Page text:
Why do only failed politicians publish good books on their trade?

As Chris Mullin lifts the lid on the Blair years, Andy McSmith looks at the highs, and lows, of the political-diary game
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The Independent Culture

It is a rule almost without exception that the only good political memoirs or diaries are written by bad politicians. I do not mean malicious politicians, though malice can add to the quality of the writing; I mean politicians who were not very good at doing what they are supposed to do, perhaps because they were in the wrong profession.

One choice they have to make is whether they want to devote their careers to getting as high up as the ministerial ladder as possible, which is what most do; or sacrifice all that for greater political freedom of life on the back benches. Chris Mullin, whose diaries A View from the Foothills are published this week by Profile (£20), moved uneasily from one career choice to the other. He was doing very well as a Labour backbench rebel, treated with wary respect by Tony Blair, when unexpectedly called to the colours as a very junior and very frustrated minister for something or other.

His favourite anecdote from this ghastly period is the occasion when an invitation arrived in his office, passed on from the office of a more senior minister, with a civil servant's note still attached. It said: "This is very low priority. I suggest we pass it to Chris Mullin." He wrote "NO" all over it, and "within the hour" a civil servant was in his office to stress the importance of the invitation.

After two years, he gave up this life and returned to the backbenches, though it meant a £27,000 drop in his salary. He seemed to have burned his bridges when he voted against going to war in Iraq. Extraordinarily, Blair forgave him that rebellion, and brought him back to spend two years as a junior Foreign Office minister. He enjoyed his second bout in office, and being fired, at the age of 57, to make way for someone younger was a shock that he did not anticipate.

Indeed, on the day he was sacked he was so sure that he had survived that he had just rung his opposite number in the US State Department to discuss Liberia. Then "the Man" – the name Mullin always used in reference to Blair – came on the phone to exhibit his special mix of pseudo-friendly charm and cold ruthlessness. "The Man sounded remarkably cheerful. No hint of what was to come. We exchanged chit-chat ... and then came the fatal words: 'I'm sorry, Chris, but I am going to have to let you go'."

Here I must interject with a personal declaration. I have known Chris Mullin for longer than he has been an MP. There are political journalists who regard him as a hypocrite for allowing the serial rights of his work to be sold to the Mail, after the things he has said over the years about right-wing newspapers, but I have always liked him. There are some references in this diary which flatter me.

So, as I write that Mullin's diary is the best first-hand account of the Blair years so far, you will understand that I am biased. You will also know that the competition is not stiff. There has been a flood of books from departing ministers, including The Point of Departure from Robin Cook; The Blunkett Tapes; An Honourable Deception? by Clare Short; Momentum by Mo Mowlam and numerous others – with not a rivetting read among them.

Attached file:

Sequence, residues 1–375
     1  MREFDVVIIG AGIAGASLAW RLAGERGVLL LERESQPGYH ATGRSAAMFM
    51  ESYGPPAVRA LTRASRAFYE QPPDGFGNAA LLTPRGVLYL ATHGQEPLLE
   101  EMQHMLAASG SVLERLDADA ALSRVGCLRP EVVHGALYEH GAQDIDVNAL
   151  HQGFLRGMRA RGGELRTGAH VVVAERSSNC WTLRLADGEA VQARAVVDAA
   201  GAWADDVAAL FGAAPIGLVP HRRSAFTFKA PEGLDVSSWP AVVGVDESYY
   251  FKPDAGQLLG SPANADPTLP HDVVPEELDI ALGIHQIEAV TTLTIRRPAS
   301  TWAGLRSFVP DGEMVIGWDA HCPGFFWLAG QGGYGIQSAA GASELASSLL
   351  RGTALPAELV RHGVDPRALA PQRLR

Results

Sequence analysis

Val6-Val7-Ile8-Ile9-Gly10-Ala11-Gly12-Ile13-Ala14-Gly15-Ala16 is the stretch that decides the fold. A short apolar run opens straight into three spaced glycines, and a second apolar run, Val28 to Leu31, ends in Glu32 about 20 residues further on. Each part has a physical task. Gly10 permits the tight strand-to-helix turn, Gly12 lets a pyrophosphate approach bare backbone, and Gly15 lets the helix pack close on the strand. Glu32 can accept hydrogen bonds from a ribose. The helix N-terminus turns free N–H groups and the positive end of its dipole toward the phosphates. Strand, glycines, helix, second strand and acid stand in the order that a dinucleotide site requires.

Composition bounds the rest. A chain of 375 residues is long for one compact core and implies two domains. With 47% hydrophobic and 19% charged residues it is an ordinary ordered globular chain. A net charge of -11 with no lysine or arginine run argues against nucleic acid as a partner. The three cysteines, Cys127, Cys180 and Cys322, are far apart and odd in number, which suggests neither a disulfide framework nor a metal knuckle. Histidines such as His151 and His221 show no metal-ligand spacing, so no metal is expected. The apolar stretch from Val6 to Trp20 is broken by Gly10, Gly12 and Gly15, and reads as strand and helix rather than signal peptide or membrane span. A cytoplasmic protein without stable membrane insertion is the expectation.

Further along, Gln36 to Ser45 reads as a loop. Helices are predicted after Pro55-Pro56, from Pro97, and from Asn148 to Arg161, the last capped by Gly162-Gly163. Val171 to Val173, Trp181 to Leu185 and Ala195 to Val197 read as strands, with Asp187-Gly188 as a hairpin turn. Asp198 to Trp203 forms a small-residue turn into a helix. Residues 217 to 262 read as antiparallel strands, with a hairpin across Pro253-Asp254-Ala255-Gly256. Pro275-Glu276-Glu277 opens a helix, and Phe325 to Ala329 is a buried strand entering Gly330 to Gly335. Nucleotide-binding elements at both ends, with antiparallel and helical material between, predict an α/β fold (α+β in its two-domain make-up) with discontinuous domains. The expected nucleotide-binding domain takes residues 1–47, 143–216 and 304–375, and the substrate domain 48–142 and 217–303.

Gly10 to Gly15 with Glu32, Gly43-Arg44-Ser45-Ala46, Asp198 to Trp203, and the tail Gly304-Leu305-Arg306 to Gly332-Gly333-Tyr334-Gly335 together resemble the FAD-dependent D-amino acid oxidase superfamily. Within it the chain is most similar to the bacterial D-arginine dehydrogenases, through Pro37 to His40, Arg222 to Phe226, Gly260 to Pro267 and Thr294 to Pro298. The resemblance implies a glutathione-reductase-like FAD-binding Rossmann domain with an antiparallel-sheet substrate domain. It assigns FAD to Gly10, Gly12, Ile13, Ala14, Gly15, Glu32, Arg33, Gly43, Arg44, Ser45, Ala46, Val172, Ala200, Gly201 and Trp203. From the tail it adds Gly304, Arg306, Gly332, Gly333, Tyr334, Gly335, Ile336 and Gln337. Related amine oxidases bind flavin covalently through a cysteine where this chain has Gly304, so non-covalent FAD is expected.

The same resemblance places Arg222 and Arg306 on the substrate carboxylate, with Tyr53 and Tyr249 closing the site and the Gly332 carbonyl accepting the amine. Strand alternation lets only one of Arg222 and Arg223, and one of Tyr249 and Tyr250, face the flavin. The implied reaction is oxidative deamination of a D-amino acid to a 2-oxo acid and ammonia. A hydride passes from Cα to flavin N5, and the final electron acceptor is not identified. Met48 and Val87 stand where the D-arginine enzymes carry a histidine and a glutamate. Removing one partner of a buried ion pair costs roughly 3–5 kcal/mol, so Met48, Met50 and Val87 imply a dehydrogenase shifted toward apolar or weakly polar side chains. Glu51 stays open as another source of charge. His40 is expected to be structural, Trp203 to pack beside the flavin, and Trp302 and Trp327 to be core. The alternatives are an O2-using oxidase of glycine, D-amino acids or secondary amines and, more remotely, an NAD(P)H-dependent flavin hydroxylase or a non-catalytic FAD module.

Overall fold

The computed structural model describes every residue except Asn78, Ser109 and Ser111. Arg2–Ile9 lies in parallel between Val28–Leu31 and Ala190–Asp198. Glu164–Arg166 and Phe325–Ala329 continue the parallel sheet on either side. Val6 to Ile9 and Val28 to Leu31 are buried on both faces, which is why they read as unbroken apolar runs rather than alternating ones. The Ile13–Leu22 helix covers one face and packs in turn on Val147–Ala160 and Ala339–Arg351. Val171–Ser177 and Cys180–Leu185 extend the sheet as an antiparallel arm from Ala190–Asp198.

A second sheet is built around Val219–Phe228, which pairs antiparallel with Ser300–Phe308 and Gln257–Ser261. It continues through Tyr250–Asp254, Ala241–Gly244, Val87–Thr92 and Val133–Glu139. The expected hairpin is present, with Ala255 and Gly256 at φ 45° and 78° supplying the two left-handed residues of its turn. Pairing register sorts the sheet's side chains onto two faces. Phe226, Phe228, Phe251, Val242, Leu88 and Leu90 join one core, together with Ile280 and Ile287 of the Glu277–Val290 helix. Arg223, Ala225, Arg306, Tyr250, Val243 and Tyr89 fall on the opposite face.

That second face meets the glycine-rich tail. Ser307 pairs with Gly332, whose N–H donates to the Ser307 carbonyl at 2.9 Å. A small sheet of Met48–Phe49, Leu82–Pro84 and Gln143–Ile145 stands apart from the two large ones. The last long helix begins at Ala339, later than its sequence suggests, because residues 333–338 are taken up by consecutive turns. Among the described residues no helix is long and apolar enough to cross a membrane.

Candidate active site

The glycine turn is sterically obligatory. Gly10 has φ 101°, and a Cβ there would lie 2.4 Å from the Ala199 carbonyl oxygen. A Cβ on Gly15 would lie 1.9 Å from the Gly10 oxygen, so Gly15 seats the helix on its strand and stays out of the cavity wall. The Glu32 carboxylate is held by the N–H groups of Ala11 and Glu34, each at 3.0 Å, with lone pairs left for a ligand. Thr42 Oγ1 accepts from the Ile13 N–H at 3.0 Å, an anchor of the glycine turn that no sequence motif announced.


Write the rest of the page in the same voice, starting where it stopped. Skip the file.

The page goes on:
Alastair Campbell's Diaries benefit from the many years he spent on the Daily Mirror, which trained him to write fast and well. Its drawback is that Campbell is too much of an insider. He does not look at Tony Blair and the inner circle in a way with which the rest of us can empathise.

New Labour's contributions to the art of diary writing make you almost nostalgic for the chaos and backstabbing of the Harold Wilson years, which produced fabulous chronicles by Dick Crossman, Barbara Castle and Tony Benn, Cabinet ministers all. Benn, that inveterate diarist, carried on scribbling for decades, but obviously any observation he makes from 1979 onwards is as an outsider, who moves further and further out as the years go by. He is perhaps more interesting writing from the outside than from within.

But let us not speak ill of the Labour Party. If you really want to read bad political memoirs, there are still remaindered copies of the blatherings of ex-ministers from the Conservative governments of 1979-97 gathering dust in second-hand bookshops, some so dire that you wonder how anyone in the publishing profession was ever persuaded to waste paper and ink on them.

Norman Fowler's memoir Ministers Decide is often held up as the worst of the bunch, which I always thought unfair. I think the critics picked on him because they knew he could express himself well if he wanted to. He has since written A Political Suicide – a very fine account of the disintegration of John Major's government. No, to say that Ministers Decide is the worst book ever written about the Thatcher government is to traduce the reputation of some of the truly monumental bores from that era.

I have before me Speaking My Mind by Rhodes Boyson and, honestly, if ever there was a mind best left unspoken, it was surely his. Or there is My Style of Government by Nicholas Ridley, compared with which Norman Fowler's insipid memoir takes on the pace of a thriller.